Delta Airlines has pulled it flights from three travel aggregation sites, including BookIt.com, CheapOAir.com and OneTravel.com. Delta will honor fights that were booked on those sites before its mid-December cutoff.
However, Delta did not opt to remove its listings from the travel site Orbitz, which itself is currently in the middle of a dispute with American Airlines. Last week, American and Orbitz failed to reach an agreement to review their contract. American flights will no longer be available to Orbitz users. American flights are still available on sites like Travelocity and Priceline
Orbitz acknowledged that American is gone from its offerings.
“It is unfortunate that as of Dec. 21, American Airline flights will no longer be available on our Orbitz.com and Orbitz for Business sites. We are confident that our consumer value proposition remains strong,” Brian Hoyt, spokesperson at Orbitz, told the E-Commerce Times. The other companies involved in the disputes — Delta, BookIt.com, OneTravel.com, CheapOAir.com, American Airlines and Expedia — did not respond to E-Commerce Times’ requests for comments by press time.
When American made its decision to not renew its contract with Orbitz, Expedia changed its search algorithm so American flights show up at the bottom of searches, behind links reading, “see more flights” or “show more airlines.”
In response, American noted that its flights were still available on Expedia but pointed customers to Expedia competitors.
Expedia has chosen to no longer give American Airlines flights featured placement, the airline said. Therefore, customers looking to compare flights or fares online should visit other travel sites. The company specifically recommended Kayak.com and Priceline.com.
While American flights may not be featured on Expedia, American tickets can still be purchased through the site.
Airlines Are Looking for Higher Margins
American and Delta may be looking to increase their profit margins by avoiding commissions paid to travel sites.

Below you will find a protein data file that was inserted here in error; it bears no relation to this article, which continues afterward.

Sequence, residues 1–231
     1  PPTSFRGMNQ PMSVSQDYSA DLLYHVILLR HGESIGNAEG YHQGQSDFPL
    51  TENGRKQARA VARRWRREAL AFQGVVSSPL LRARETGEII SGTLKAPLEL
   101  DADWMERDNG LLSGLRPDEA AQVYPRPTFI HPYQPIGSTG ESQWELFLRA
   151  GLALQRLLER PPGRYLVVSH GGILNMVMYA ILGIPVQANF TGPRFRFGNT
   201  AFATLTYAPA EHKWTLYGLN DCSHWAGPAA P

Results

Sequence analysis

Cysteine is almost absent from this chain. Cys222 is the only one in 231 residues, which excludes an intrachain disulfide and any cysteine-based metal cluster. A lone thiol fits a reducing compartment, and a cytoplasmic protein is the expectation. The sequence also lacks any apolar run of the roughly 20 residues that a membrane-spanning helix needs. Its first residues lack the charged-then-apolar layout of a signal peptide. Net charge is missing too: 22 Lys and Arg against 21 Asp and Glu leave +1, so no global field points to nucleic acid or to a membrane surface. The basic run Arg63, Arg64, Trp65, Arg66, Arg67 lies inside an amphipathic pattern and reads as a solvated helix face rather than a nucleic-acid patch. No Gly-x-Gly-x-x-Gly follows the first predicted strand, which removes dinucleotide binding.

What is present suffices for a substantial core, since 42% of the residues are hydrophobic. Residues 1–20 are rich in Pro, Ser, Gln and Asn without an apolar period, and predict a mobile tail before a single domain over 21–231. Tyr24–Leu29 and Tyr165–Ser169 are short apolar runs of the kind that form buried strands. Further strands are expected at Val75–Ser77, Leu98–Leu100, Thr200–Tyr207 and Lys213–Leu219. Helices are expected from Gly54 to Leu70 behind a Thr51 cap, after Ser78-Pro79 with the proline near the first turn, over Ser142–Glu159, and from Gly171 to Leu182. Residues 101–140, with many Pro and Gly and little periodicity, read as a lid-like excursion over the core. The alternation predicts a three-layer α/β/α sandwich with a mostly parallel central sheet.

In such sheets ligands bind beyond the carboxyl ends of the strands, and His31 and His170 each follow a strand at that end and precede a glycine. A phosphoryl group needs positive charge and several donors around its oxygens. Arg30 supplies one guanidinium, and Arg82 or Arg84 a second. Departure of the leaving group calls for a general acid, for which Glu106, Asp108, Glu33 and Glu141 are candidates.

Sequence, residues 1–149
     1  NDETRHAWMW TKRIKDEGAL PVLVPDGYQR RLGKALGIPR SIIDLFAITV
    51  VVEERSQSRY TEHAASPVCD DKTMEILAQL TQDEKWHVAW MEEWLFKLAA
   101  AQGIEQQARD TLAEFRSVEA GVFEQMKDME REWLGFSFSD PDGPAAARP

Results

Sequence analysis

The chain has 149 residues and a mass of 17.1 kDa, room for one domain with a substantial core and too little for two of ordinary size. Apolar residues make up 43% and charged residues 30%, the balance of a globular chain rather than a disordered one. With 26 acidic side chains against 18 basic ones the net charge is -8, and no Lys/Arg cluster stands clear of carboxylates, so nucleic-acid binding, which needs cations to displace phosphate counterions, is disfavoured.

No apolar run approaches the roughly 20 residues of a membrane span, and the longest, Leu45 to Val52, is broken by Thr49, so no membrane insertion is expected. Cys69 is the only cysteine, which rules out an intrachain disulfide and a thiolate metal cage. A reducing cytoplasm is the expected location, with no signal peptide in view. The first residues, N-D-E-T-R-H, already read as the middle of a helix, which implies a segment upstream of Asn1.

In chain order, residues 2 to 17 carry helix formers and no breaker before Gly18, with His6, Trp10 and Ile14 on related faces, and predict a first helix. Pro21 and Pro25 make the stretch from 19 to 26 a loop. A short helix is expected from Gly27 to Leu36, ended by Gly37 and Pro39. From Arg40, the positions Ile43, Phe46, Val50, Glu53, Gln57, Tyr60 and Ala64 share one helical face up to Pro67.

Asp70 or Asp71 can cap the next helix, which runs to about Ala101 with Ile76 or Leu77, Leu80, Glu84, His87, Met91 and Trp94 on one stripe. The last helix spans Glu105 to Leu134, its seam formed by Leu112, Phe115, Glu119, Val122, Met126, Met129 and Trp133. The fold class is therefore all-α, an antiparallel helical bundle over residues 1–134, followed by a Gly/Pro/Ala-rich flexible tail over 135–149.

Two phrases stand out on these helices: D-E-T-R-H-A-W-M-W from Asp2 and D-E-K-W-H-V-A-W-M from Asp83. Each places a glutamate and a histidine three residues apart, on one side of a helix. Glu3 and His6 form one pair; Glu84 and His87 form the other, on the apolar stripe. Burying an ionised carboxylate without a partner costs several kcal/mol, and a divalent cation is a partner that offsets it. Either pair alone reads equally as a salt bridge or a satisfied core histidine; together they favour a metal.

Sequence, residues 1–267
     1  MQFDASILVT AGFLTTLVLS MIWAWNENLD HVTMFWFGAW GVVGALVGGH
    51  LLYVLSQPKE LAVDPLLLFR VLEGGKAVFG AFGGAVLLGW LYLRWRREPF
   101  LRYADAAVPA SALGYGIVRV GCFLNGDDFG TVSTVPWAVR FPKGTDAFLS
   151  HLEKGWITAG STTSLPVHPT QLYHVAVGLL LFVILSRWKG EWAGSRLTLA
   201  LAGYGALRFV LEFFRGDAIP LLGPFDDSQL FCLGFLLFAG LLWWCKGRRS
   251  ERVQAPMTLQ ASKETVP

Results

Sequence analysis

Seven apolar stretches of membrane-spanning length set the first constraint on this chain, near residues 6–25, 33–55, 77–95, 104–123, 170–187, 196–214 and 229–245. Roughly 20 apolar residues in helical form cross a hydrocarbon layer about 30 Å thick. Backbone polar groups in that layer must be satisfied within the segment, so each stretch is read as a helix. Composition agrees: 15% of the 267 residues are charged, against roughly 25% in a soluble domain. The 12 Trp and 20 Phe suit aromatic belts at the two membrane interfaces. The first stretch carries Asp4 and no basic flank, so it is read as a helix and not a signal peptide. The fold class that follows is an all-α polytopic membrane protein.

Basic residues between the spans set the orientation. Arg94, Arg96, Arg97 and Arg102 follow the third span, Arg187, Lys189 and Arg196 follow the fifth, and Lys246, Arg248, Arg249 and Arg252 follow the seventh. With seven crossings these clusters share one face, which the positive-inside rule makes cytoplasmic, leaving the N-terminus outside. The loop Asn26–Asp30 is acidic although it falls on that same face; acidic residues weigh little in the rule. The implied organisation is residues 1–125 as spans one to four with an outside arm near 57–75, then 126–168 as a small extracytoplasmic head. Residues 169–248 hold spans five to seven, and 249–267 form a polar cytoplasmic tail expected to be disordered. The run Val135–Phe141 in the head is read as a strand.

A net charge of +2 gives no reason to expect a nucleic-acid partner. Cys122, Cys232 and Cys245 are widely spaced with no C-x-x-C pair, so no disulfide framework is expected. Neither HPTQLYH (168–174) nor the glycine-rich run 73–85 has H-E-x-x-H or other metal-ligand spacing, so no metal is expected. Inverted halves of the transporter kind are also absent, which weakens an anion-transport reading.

“They don’t want to pay commissions and want a more captured audience,” Rob Enderle, principal analyst at the Enderle Group, told the E-Commerce Times. “When you have a service that sells at the lowest possible fares, your margins are low. Leaving those sites is certainly a way to raise margins.”
Some airlines have avoided paying commission by not making their flights available at travel sites. “Southwest and JetBlue have their own sites — Virgin also works off its own site,” Enderle said. “They have maintained high margins by not using aggregation sites. They’re looking for the direct online experience as a way to raise margins.”
In order to effectively dispense with travel sites, American and Delta would need to create a desirable customer experience that would drive customers to their sites. “Also, those other airlines have high customer satisfaction,” said Enderle. “If you don’t improve your quality or give the customers something else, you can’t draw people to your own site. People will go to the aggregation sites and make purchases — they won’t go to you.”
Airlines Seek a New Business Model
American and Delta may be attempting to manage their customer relationships in a more direct manner.
“I think in general, the airlines are becoming much more disciplined in their approach to managing capacity,” Sally McKenzie, an independent e-commerce consultant, told the E-Commerce Times. “Instead of taking a booking at any cost, they are moving in the direction of being more in control of how they sell their inventory by booking more flights with customers directly.”
With major carriers like Delta and American pulling out of or scaling back their relationships with travel sites, the value of the aggregation sites may be undermined.
“One of the key issues at play here is the consumer’s desire to compare schedules and prices across brands — if major carriers stop selling their inventory through travel aggregators, the value proposition for those sites takes a significant hit, and the airlines not appearing fall out of consideration,” said McKenzie. “To some degree it’s a battle for the customer relationship.”